Cross-hole sonic logging in large-diameter rotary bored piles is well established in the UK. Alternative methods of ‘seeing into' completed piles are also available, such as dynamic testing and thermal integrity profiling (TIP testing); however, each has its own limitations.
All are by necessity indirect tests. They measure a parameter such as the time taken for sonic waves to pass across a pile section, or the changing thermal profile within the concrete of a pile as it cures. Such test methods do not definitively identify features or defects in a pile, and evaluation of the results requires experience and engineering judgment when results are complicated or inconclusive.
Sonic logging retains a highly undesirable downside in terms of safety. While sonic logging is common, the downside requires urgent attention from specifiers, practitioners and operational businesses in order to render the practise safe, or to accelerate the validation of an alternative method of testing.
Sonic logging requires the installation of four or more full-length steel tubes in the pile. These tubes are usually fixed to the reinforcement cage. Many bearing pile schemes involve long, bored piles dictating cages of two or three sections or more. The assembly of these cages requires the bottom section to be suspended in the pile or in a ‘rat hole'. The next section is then lifted into place and spliced. The new whole is then lowered into the bore, suspended and the process repeated for the next section.
Piling contractors and reinforcement suppliers have made great strides in developing safe and simple-to-use splicing systems. These have in many situations eliminated the need for hands and arms to be inserted into the cage to attach bolted clips and fixing brackets.
Sonic logging tubes, however, still present a major hazard.
The tubes sit within the reinforcement cage, rigidly attached to the inside of the bars or the cage helical or bands. This is essential as logging is sensitive to accuracy of positioning and divergence or convergence of adjacent tubes. The telescopic tubes are held up above the splice with ties until released, when they are free to slide down a given distance in order to enable jointing of the tubes. The tubes are usually a screw fit to be watertight and to bar the entry of grout and concrete. Some tubes are still sealed by wrapping with adhesive tape, prolonging the time operatives have to have their hands inside the cage.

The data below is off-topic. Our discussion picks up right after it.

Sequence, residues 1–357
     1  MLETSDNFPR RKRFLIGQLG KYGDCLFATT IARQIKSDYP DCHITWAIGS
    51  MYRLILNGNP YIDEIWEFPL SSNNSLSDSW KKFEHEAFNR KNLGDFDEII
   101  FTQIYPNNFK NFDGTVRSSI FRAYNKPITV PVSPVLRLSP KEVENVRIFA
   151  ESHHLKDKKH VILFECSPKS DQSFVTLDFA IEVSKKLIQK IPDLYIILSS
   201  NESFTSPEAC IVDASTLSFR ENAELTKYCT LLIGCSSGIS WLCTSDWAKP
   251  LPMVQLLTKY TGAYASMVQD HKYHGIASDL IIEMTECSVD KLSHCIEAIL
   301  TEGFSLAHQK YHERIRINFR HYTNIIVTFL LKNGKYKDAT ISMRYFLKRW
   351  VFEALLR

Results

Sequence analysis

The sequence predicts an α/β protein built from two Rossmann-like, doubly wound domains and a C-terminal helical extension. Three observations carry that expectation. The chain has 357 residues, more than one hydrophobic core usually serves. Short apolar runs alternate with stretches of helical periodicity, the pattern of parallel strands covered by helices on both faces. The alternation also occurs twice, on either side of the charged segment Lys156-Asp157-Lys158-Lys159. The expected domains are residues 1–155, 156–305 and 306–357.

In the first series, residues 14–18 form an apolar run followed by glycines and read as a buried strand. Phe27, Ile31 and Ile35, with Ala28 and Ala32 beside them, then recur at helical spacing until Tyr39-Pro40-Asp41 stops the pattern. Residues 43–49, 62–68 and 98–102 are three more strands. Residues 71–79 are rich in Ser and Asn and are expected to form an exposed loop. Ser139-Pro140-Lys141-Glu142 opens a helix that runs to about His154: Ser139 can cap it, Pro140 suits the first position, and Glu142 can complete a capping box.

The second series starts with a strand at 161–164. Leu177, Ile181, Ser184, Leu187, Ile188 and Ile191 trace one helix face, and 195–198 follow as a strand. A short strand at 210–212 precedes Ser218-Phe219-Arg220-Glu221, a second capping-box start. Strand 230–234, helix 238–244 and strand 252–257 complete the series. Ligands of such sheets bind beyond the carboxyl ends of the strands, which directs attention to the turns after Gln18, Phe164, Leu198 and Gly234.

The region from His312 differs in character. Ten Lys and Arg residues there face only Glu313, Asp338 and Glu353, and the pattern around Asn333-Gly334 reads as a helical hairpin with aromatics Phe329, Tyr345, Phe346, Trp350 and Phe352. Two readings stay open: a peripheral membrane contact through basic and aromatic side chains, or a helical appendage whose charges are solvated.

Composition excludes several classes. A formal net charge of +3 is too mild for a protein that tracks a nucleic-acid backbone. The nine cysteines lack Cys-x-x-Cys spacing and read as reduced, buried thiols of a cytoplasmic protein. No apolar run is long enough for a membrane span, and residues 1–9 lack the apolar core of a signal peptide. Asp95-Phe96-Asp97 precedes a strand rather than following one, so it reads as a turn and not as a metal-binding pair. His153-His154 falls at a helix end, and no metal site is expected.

At any time after release, a momentarily jammed tube can free itself and fall. A 60kg tube falling 1m under gravity can cause serious injuries. A team concentrating on one jammed tube amongst 20-plus spliced cage bars can take their eyes off the alignment of another tube. Fixing brackets for the tube can spring off the more flexible cage and fall from height. There are far too many cases of tubes subjected to unexpected loads during handling, catching on other parts of the cage or on the ground. These can then fall out of the cage during the lift.
Piling contractors and reinforcement fabricators have worked hard to mitigate the risks; stirrup bars and impact blocks are welded into cages to act as stops for sliding tubes, and different ways of screwing the tubes together have been tested. However, the fundamental risk has not been removed.
Over the years operatives have lost fingers and thumbs in the course of this operation. People have suffered hand injuries when using stilsons to tighten tubes while keeping their hands out of the cage.
So is this simply a matter for the piling contractors, cage designers and fabricators? We do not believe so. Ultimately a ‘flexible' reinforcement cage is incompatible with rigid tubes attached within it that require operatives to use their hands to join them. Tubes attached to dummy cages inserted after the main cage have been tried, but the need to join tubes still remains.
The requirement to align multiple cage bars, any of which can catch on each other, calls for concentration from operatives. They cannot watch 20-plus bars and four tubes at the same time. There is plenty of opportunity for spacer bars and temporary brackets to come loose and fall. The whole process is unforgiving of any momentary lack of attention at any stage.
Work is being undertaken in finding and developing quick, push-fit couplers for sonic tubes. These, however, are bulky and when combined with the bracketry, hoops and multiple bars in heavy cages, and could generate a problem for concrete flow around and through cages, thereby increasing the risk of generating the very defects that the testing is being employed to check for.
When the place of sonic logging as a first choice is questioned, the reasonable response from specifiers and validators is to cite insufficient correlation between sonic logging results and alternative methods of testing. A concerted effort is needed to review the way confidence in the integrity of large-diameter, deep piles is assessed. Urgent correlation of TIP testing results and sonic-testing logging results is one way to gain confidence in an alternative testing method that removes the hazard of installing sonic logging tubes; but any change in integrity testing approaches must involve the specifiers and be supported by FPS members.
John Chick is on the Quarterly Committee for the Federation of Piling Specialists, UK's industry body for piling and foundation contractors and geotechnical specialists